• Repair kit that fits in little bag: spare tube, patches, a small pump, 2 little tire levers, a small multi-tool
  • Yep, that’s it.¹

You should get a lock if your workplace doesn’t offer bike storage in the building. But before caving in and locking up outside, I’d put up a fight on this point. Mention how much more productive an employee you’ll be knowing that your bike is safe through the day. Some cities have a program, like Bikestation, where you can lock your bike indoors for a yearly fee. An oft-overlooked defense against having your bike stolen is to not have a valuable-looking bike!

Step 4: Route selection

This one’s more of an art than a science. Get a bike map for the area you live in, and plot a route. Remember that the shortest path isn’t always the easiest. It took me a while to stop thinking like a driver. Go around hills. Follow other cyclists to see what they’re doing (when they merge, roads they avoid, etc) or ask them when stopped at red lights. I’ve found that cyclists are very friendly to each other and love to help out. Sometimes a busy road with a bike lane is actually less safe than a side road without bike facilities.

Steps Five through infinity: Ride safe

This is the most difficult one to write about because it literally is a matter of life and death. The first few times I rode through downtown, I got that panic warning from deep in my reptile brain. Same thing I used to get as a child when we had to swim at summer camp (I had a terrible fear of water).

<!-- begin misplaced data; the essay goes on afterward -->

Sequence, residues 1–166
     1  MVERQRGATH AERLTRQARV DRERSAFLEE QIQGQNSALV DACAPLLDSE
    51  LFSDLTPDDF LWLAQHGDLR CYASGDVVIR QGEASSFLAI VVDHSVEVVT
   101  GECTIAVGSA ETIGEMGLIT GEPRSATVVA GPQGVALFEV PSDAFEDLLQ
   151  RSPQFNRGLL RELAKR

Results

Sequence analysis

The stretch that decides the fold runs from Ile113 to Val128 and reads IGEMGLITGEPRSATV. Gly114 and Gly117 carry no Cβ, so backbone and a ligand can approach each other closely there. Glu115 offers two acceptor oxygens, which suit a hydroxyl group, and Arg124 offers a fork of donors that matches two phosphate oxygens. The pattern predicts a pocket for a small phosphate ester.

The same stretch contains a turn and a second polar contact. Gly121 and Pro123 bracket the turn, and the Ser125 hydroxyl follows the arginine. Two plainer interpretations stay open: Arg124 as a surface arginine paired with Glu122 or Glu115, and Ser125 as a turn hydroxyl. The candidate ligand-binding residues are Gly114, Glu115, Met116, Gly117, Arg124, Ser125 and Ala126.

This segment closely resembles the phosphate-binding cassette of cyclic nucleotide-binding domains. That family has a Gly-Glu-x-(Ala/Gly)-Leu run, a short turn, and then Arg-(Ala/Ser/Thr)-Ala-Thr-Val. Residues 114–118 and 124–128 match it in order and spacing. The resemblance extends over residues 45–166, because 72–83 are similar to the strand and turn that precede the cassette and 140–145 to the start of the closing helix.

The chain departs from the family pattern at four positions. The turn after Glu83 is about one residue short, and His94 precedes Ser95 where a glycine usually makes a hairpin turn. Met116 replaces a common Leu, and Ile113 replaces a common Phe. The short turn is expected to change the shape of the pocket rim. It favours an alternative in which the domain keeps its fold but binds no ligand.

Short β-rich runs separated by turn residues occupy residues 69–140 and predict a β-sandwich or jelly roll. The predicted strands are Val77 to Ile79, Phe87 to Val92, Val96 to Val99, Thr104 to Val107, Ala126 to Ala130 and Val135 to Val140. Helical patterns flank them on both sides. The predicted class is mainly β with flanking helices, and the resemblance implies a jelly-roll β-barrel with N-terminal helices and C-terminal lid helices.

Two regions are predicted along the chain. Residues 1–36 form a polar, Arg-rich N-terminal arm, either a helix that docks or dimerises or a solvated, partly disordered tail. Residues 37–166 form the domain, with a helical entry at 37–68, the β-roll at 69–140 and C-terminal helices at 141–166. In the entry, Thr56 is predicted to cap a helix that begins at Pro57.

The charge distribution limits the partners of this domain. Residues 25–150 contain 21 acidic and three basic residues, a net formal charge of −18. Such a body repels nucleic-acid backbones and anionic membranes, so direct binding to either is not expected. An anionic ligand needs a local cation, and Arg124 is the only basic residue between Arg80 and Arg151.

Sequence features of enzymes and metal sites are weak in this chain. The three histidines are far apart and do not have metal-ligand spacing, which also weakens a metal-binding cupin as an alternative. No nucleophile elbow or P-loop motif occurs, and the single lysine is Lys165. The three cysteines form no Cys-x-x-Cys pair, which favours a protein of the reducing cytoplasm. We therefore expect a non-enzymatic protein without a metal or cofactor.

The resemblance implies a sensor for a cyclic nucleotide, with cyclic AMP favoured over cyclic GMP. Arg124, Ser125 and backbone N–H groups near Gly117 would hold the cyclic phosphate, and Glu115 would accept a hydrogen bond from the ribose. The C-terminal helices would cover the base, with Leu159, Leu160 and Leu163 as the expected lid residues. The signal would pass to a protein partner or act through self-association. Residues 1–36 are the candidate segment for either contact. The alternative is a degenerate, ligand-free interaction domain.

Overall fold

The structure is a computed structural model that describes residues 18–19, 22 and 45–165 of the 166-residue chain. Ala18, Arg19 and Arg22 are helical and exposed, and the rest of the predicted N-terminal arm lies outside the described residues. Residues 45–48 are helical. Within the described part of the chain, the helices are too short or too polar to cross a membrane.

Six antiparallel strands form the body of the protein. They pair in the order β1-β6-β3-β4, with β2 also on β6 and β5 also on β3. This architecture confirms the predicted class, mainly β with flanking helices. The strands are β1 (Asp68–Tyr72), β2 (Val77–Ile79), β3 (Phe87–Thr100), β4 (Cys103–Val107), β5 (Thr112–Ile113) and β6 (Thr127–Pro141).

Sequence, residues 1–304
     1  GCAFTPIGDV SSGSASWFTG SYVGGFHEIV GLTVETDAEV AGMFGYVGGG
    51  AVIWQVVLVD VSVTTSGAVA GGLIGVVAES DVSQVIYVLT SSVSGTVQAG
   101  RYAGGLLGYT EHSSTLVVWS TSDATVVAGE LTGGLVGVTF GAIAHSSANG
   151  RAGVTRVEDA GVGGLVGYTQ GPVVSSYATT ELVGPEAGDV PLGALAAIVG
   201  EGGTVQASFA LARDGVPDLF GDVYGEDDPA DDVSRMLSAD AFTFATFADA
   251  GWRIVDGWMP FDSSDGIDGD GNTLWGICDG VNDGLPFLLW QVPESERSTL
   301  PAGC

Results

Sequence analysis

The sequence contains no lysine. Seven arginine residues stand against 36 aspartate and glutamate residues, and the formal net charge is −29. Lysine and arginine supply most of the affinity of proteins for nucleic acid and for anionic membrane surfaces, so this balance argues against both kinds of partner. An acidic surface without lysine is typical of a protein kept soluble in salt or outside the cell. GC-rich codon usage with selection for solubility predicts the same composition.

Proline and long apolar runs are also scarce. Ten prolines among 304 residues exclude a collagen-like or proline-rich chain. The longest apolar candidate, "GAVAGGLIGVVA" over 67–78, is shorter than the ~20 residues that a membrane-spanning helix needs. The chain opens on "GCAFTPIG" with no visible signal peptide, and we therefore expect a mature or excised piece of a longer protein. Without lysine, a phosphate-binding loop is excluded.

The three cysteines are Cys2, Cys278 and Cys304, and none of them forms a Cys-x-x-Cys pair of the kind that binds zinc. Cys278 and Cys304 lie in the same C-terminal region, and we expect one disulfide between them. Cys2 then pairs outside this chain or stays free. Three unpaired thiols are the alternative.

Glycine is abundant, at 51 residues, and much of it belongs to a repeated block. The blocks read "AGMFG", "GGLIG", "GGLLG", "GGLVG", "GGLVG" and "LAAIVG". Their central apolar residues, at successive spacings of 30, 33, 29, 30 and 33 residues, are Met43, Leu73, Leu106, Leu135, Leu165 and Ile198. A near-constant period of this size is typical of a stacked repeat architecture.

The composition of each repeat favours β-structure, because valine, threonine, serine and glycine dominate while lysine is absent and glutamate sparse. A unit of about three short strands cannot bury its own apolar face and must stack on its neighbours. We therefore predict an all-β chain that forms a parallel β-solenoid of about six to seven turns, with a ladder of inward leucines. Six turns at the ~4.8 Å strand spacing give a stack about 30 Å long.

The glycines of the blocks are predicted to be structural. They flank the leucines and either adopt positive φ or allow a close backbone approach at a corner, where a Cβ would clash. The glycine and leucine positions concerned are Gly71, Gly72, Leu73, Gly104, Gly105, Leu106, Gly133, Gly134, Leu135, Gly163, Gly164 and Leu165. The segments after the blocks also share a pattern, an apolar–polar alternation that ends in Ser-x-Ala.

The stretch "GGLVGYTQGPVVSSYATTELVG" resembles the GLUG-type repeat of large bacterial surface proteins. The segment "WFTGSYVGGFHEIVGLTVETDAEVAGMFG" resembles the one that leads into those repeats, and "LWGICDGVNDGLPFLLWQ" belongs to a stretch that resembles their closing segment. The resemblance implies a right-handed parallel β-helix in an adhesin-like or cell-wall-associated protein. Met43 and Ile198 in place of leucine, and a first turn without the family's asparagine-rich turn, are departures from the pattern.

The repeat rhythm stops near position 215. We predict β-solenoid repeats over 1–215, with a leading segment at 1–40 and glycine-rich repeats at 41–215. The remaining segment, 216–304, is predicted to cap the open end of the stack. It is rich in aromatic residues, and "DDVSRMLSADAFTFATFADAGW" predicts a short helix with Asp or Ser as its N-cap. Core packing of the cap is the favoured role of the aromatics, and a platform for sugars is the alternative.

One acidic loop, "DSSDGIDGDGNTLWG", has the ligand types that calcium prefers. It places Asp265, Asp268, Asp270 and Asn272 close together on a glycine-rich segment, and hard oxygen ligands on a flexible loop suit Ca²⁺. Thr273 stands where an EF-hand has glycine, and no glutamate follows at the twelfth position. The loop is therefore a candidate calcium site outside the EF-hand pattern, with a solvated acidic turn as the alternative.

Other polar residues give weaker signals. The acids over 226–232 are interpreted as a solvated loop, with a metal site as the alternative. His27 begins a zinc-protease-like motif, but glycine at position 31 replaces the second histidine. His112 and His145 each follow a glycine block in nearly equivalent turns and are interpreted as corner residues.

I’m going to keep this simple and only offer one tip because it’s the most important safety thing I’ve learned, but it’s somewhat counterintuitive to a beginning rider: be a predictable part of the flow of traffic

The tendency for a new rider is to timidly hug the right edge of the road, always yield to cars even if you have the right of way, or ride on the sidewalk. Counterintuitively, none of these practices make you or the people around you safer!

You have the same rights and responsibilities as a car so the more you ride like a car, the safer you’ll be. The only legal difference between you and a car is that a cyclist is obligated to ride “as far to the right as safe”. Other than that, you’re just a very slow and slender car.²

For example, when you’re riding on a street with parallel parking, “as far to the right as safe” means “far enough away from parked cars that when a car door opens, it won’t hit you,” even if that means riding in the middle of the lane. Cyclists call this “claiming the lane” and it’s the most counterintuitive of all the safety rules.

“Share the road” goes both ways. So when cars are around don’t be a jerk and run lights, ride excessively in the passing lane, etc.

If you have any questions, feel free to ask. I’d love to convert one of you into a bike commuter!

¹ You can add more gear later after you figure out what type of riding you do most. If you plan on riding…

  • in the dark, add: bright/reflective clothing, front and rear lights
  • in the rain, add: front and rear fenders, and optionally pack a poncho
  • longer distances, add: water bottle and water bottle cage, bike shorts or bike underwear (padded undies that turn any shorts into bike shorts)
  • while hauling lots of stuff, add: rear rack, paniers (bike bags)

² Your local laws may vary.